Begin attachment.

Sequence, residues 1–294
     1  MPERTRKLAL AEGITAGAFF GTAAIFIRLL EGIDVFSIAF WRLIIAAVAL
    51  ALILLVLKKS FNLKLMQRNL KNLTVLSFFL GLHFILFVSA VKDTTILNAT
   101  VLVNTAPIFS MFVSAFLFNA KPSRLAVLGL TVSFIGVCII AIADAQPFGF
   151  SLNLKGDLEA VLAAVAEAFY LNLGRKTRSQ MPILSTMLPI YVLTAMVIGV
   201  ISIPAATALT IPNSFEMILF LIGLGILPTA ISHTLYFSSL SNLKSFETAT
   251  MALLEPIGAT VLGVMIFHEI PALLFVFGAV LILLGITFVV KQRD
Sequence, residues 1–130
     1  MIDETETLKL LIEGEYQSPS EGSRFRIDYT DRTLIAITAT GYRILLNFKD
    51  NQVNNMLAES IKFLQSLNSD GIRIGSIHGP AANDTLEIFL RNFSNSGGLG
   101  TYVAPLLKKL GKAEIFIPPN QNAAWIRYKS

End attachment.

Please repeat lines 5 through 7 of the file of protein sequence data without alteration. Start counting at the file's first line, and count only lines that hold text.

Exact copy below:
   151  SLNLKGDLEA VLAAVAEAFY LNLGRKTRSQ MPILSTMLPI YVLTAMVIGV
   201  ISIPAATALT IPNSFEMILF LIGLGILPTA ISHTLYFSSL SNLKSFETAT
   251  MALLEPIGAT VLGVMIFHEI PALLFVFGAV LILLGITFVV KQRD